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Articles from MIT Technology Review (November 1, 2015)

1-30 out of 30 article(s)
Title Author Type Words
A shocking way to fix the Brain: neurosurgeons hope to treat some of today's most intractable mental disorders by implanting advanced arrays of electrodes into patients' brains. Piore, Adam 4237
Aging workers, new technology: the number of workers over 65 is growing fast. Technologists see a big business in helping the aging workforce. Anders, George 994
Artificial creativity: why computers aren't close to being ready to supplant human artists. Boden, Margaret A. 412
Bionic hearing gadgets: startups like Doppler Labs are building earbuds that will let you turn down the volume on crying babies and pump up the bass on live music. Metz, Rachel 534
Construction drones: drones are being used to capture video footage that shows construction progress at the Sacramento Kings' new stadium in California. Knight, Will 437
Farmers plant generic GMOs: now that the patent on its genetically modified soybean has expired, Monsanto no longer controls one of the biggest innovations in the history of agriculture. Regalado, Antonio 739
Fighting ISIS Online: the Islamic State is an Internet phenomenon as much as a military one. Counteracting it will require better tactics on the battlefield of social media. Talbot, David 2770
Five most popular stories: MIT Technology Review volume 118, number 5. Latham, Jonathan 697
From the Editor. Editorial 571
Gavin Andresen. Simonite, Tom Brief article 256
Hired and fired by algorithm: the cycle of how we find, keep, and lose jobs is increasingly affected by algorithms. Here are some of the data-mining companies aiming to take the "human" out of "human resources.". Sklar, Julia 383
India's energy crisis: can India modernize its manufacturing economy and supply electricity to its growing population without relying heavily on coal--and quite, possibly destroying the global climate? Martin, Richard 5942
Lyft's search for a new mode of transport: how Uber's archenemy plans to make the world a better place by building a kind of public transit system from private cars. Bradley, Ryan 2927
Meltdown-proof reactors: researchers say they could build a prototype of a molten-salt reactor--a safer, cleaner option for nuclear power--in 10 years. Martin, Richard 481
More life, less death. Brief article 122
On the edge of automation: five hundred years from now, says venture capitalist Steve Jurvetson, less than 10 percent of people on the planet will be doing paid work. And next year? Interview 757
Pig hearts for people: a biotech company is genetically engineering pigs so that their organs might work in humans. Regalado, Antonio 752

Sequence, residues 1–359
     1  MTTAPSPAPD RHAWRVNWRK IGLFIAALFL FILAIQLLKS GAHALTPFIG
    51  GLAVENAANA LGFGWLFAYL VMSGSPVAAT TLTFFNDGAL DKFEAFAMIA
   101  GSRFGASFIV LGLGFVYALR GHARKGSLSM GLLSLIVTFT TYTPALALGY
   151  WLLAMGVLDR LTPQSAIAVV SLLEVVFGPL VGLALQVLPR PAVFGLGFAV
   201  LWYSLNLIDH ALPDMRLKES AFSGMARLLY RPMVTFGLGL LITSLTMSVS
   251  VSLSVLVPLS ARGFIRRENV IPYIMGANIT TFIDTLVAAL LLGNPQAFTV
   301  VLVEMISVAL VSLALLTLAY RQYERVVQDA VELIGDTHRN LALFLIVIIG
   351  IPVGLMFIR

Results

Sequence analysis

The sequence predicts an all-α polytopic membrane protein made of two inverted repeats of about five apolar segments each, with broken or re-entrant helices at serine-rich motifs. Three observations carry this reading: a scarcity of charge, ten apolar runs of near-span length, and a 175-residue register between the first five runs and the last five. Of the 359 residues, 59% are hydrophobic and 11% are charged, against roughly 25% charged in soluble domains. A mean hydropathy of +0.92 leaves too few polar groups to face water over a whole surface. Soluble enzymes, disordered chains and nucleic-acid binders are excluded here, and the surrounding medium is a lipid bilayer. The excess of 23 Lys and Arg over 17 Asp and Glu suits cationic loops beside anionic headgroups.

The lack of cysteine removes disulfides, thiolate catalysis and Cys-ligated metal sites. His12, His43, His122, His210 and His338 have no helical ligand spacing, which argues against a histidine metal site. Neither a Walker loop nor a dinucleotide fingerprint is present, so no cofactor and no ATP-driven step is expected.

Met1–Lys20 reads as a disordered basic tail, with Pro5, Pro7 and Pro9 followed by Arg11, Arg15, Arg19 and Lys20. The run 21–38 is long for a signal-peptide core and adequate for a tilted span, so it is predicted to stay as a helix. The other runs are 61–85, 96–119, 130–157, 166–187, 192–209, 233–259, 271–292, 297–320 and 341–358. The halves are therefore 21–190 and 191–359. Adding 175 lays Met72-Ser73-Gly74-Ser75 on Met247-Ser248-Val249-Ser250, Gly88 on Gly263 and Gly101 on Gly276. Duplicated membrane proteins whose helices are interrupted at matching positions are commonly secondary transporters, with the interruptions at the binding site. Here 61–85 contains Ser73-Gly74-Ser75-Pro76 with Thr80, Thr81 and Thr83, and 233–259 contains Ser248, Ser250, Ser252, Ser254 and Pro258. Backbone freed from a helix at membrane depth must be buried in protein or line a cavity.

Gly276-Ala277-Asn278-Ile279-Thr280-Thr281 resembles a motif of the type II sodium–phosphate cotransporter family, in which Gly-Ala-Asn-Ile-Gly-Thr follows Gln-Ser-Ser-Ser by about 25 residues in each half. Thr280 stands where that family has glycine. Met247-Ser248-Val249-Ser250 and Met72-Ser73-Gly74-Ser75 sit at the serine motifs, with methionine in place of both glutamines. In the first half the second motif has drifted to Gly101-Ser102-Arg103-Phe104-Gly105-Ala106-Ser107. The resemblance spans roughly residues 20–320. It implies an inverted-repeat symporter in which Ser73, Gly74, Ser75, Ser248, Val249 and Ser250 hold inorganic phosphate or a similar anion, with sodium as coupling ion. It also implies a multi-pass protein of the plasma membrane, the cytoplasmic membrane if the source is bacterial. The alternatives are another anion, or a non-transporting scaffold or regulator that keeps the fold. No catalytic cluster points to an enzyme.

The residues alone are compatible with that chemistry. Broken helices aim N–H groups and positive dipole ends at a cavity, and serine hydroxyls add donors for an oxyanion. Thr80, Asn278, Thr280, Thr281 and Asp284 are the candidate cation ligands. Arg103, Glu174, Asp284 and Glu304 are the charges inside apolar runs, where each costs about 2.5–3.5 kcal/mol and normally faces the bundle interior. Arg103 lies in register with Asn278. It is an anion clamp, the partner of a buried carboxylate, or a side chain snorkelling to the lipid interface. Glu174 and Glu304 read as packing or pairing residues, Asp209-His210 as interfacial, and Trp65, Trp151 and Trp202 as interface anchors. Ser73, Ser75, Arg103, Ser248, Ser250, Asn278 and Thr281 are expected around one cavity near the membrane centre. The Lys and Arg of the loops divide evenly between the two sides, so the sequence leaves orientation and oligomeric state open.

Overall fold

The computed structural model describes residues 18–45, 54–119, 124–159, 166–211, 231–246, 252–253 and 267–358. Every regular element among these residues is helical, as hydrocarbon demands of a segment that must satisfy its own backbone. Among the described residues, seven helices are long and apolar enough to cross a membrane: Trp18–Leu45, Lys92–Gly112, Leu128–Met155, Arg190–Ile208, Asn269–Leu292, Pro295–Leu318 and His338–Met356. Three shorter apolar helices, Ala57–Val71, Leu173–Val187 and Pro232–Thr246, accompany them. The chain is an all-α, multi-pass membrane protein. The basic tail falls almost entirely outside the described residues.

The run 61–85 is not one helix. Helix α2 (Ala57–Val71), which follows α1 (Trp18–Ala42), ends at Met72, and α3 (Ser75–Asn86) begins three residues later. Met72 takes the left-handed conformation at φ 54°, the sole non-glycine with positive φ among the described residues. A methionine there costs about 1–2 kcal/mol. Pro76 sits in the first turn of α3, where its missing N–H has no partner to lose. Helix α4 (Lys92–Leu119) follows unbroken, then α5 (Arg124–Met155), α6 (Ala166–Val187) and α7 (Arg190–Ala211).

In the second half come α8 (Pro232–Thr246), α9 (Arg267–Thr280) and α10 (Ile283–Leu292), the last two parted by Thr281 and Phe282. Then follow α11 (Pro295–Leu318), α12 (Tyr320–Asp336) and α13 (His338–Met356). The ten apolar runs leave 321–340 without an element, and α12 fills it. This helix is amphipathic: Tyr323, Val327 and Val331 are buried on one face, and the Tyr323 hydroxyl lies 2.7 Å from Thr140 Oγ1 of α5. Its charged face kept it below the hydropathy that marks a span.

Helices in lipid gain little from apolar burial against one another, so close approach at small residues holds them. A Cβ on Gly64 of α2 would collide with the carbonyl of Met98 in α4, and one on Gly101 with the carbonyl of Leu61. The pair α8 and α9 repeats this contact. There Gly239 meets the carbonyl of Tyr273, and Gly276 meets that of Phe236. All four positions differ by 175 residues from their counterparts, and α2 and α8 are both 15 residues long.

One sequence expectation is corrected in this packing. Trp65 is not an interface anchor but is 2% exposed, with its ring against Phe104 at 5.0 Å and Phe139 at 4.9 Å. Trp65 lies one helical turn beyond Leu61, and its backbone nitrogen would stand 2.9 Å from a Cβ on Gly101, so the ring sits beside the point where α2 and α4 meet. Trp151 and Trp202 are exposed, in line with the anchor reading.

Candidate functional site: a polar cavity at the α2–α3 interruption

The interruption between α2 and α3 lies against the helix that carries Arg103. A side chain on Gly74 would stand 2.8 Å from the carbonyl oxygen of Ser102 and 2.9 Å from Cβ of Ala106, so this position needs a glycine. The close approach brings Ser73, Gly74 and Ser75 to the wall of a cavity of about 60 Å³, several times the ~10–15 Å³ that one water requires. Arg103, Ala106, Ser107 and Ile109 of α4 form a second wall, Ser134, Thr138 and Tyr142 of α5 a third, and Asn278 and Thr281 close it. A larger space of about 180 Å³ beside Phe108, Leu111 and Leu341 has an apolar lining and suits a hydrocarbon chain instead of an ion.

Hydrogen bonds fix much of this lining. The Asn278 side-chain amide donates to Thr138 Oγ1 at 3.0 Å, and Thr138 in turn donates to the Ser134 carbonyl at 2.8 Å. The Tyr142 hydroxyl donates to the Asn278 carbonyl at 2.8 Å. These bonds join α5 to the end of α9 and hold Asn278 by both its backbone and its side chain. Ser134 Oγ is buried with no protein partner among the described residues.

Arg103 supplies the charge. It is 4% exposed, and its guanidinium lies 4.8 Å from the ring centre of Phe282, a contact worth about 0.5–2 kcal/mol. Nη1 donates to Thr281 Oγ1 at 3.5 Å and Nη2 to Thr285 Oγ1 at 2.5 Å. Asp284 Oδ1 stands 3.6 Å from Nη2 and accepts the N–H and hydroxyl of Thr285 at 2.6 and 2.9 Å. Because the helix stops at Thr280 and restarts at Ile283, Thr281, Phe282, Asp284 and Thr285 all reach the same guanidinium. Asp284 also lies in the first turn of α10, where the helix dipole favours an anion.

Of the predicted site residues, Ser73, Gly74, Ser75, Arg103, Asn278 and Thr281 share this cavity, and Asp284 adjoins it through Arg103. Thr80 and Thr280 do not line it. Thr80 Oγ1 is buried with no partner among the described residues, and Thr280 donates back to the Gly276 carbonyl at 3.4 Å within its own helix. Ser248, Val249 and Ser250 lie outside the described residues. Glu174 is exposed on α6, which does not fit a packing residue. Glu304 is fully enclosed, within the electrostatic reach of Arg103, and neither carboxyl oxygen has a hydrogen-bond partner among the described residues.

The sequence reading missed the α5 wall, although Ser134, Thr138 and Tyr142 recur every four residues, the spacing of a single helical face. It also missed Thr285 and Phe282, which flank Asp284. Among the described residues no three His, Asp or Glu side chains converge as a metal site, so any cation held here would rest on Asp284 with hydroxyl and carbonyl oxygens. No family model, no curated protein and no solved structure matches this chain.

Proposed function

Spinning synthetic spider silk: a California company may have figured out how to use genetic engineering to make extremely versatile fibers the way spiders can. Bourzac, Katherine 355
Technology jobs: Radiology: digitization didn't gut the field, and recent innovations are expanding radiology beyond interpreting images. Juskalian, Russ 748
The case for the cab: decades before Lyft and Uber, a scholar of transportation argued that the most efficient public transport system might be an army of less-regulated taxis. Wohl, Martin 384
The coal conundrum: no matter what, India's use of coal will skyrocket in the next two decades. Ramesh, Jairam 443
The hit charade: an algorithm might create a playlist you enjoy, but don't mistake that for creativity. Knight, Will 1745
The measured worker: the technology that illuminates worker productivity and value also contributes to wage inequality. Cowen, Tyler 1090
The treatment gap: we're still not taking mental disorders as seriously as we should. Insel, Thomas 466
To market. Metz, Rachel Brief article 127
To market. Metz, Rachel Brief article 131
Uber's bumpy ride in China: Chinese Uber drivers are making a million trips a day, pleasing consumers but threatening traditional taxi drivers. Sun, Yiting 671
What will Alphabet be when it grows up? to truly change the world, Google's new holding company will need something that has eluded many previous industrial labs: an effective commercialization strategy. Gertner, Jon Company overview 1568
Where the tech jobs are: expanding supplies of data and cheap processing power will drive demand for IT specialists in a broad range of fields. Mullaney, Tim 507
Work in transition: digital technologies are changing the nature of the jobs we do. What does that mean for the future of work? Byrnes, Nanette 822

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